Sunday, July 19, 2020


Yesterday Dave and I took Olga to the cemetery for a rare family walk. I always love it when all three of us can go! And I was glad to find the six-spot burnet moths making their annual summer appearance.

They're black, with red spots, but sometimes when the light hits them a certain way they look shiny and iridescent.

Here's one in flight -- not the best shot, but you can see its bright red underwings. Often when flying they just look like a red blur.

And here's one joined by a bee on a thistle. Look at all the bright yellow pollen on the underside of that bee!

Anyway, we had a good walk, and I got some other pictures too, but I'll save those to fuel my blog's summertime bug-a-day theme.

I also found this very peculiar feather. There aren't a lot of green birds flying around -- except feral parakeets, and I suspect that's where this came from. Then again, maybe it's a turaco feather! (I haven't seen the turaco in a while, but I've heard it recently so it's still here.)

I suddenly realized yesterday that we're just a few weeks away from going back to school. The plan as it stands now is for all our students and teachers to return, with limited class sizes and activities, more physical barriers, distancing, masks in certain places and at certain times of the day and that kind of thing. Dave and I are both nervous about it, but we also recognize that life goes on. I'm not sure exactly what date I return -- I think it's a month from today. Just when I was getting used to all this down time!


David said...

The photo of the bee and the moth together on the thistle is absolutely stunning!

Yorkshire Pudding said...

When you've got worries, all the noise and the hurry
Seems to help, I know
Just listen to the music of the traffic in the city
Linger on the pavement where the neon signs are pretty
How can you lose?
The lights are much brighter there
You can forget all your troubles, forget all your cares
So go downtime, things'll be great when you're in
Downtime, no finer place for sure
Downtime everything's waiting for you

Moving with Mitchell said...

Once again, your photos are astounding.

It's hard to remember what life was like just 5 months ago.

gz said...

A beautiful moth..moths are not given enough credit for their beauty

Sarah said...

Lovely pictures! I have only ever seen those moths in Cornwall. They are very pretty-such a lovely carmine red.

Andrew said...

A good photo of the bee and the moth. Parakeets are feral in London?

My sister is a teacher and when interacting with her year 11 and 12 boys, she is masked, but not when she is in front of the classes and speaking. She leaves the classroom door open for ventilation crossflow to clear out germs (COVID) and some boys complained they were cold. She told them to put on warmer clothing.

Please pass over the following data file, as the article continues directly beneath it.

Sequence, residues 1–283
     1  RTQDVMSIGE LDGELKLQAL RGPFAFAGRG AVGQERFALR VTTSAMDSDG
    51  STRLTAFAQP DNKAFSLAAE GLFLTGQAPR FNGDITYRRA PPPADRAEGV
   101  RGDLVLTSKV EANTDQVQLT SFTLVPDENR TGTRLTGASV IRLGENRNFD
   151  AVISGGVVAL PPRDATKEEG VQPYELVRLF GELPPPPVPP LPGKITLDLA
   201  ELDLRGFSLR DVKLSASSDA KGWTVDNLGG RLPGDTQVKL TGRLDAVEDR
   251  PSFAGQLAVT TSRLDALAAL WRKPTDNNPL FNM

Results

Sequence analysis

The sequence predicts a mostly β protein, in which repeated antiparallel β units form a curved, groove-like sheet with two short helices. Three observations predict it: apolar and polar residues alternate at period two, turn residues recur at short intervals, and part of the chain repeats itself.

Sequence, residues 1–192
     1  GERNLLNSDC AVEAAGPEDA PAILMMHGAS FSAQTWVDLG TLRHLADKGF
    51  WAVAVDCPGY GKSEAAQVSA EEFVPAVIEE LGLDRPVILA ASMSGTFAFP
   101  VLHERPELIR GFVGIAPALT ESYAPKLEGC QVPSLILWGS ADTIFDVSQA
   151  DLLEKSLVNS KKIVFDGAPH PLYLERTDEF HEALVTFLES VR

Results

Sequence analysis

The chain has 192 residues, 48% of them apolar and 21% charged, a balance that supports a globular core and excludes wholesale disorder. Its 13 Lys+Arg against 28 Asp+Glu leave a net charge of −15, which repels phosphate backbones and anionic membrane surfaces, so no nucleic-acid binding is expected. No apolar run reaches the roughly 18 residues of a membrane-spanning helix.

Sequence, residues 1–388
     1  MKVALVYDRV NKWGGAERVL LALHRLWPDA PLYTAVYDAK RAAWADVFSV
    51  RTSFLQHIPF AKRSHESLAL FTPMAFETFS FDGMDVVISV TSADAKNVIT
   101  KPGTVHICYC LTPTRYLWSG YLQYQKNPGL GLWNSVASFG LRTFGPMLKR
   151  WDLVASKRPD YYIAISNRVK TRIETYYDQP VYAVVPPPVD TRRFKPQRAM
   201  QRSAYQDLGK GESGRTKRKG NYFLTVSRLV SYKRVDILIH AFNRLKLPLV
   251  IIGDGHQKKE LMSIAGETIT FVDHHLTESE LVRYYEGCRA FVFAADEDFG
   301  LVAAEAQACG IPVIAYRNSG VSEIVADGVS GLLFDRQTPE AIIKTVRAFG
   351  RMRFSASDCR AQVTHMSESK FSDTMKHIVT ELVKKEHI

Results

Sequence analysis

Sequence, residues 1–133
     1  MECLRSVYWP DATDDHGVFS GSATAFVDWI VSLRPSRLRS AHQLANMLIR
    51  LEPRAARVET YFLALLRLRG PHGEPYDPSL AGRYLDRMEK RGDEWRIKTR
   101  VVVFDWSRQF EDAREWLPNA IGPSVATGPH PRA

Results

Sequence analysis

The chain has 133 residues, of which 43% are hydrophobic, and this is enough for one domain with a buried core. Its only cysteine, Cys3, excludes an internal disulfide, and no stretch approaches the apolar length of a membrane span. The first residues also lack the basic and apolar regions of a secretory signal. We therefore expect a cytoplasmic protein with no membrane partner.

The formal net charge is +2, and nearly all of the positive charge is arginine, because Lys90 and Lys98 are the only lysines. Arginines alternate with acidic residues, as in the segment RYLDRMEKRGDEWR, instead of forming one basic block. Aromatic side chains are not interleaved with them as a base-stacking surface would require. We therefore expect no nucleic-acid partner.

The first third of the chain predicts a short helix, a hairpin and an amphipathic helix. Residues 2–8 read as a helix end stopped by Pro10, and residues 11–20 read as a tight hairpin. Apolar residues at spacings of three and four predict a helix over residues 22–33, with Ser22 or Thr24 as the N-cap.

Re living in Manhattan, so you were there for 9/11 and did you blog or write about it at the time? I'd like to read what you said at the time. Leave a link in my blog comments if it is not too much trouble.

Sharon said...

That really is a beautiful moth and I love the flying image.
What happens when school starts here is still up in the air. There is a push to open schools but teachers are hesitant and rightly so. It will be interesting to see how it plays out. I would think with all the bad press our Governor is getting, he would take the more cautious path.

Fresca said...

Your photos of the city are a perfect example of what I was telling a couple just yesterday---they were bemoaning that they can't take trips abroad, and I was saying, look closer at the world around you, right where you are!

There are wonders in front of our eyes.
Photography is an excuse, and invitation to zoom in on them.

Ms. Moon said...

Your photos are tremendous. I can’t wait until I can see them again on something bigger than a phone. So you’re going to go back to work? I have such mixed feelings about schools reopening. I’m not sure about other countries but it seems so premature to do that here.

robin andrea said...

That six-spot burnet is so beautiful. I so wish I could see one. And that green feather, such a color! All that beauty is such a wonderful balance to these bleak times.
I hope that it is safe for everyone to return to school next month. It seems scary, but maybe safer there than here.

Jennifer said...

Our school district has come up with a complicated plan to reopen the schools, and it's actually pretty well thought out. Unfortunately we're hitting a crisis point in our local infection rate and our ERs and hospitals are a nightmare. Everyone is scared and upset about schools reopening but there are no really good options. I go back to work around the 24th of August, the kids go the day after Labor Day.

ellen abbott said...

yes, some great shots. I'd be nervous too. Now I'm wondering how the transition will be back to working every day. if you have to get used to it all over again or you'll be glad to be back, having structured days.

Edna B said...

I have never seen a six spot moth. Wow, it is really beautiful. I love the photo of the moth and the bee on the same bloom. The feather does look like it could have come from a parakeet. How wonderful that the three of you could enjoy walking together. School will be starting up here in another month too. I think it's being offered in two ways. Online and at the school. With all the same restrictions. In a way this is good. Our kids do need to get back to their classes. You guys enjoy the rest of your time off. Have a super day, hugs, Edna B.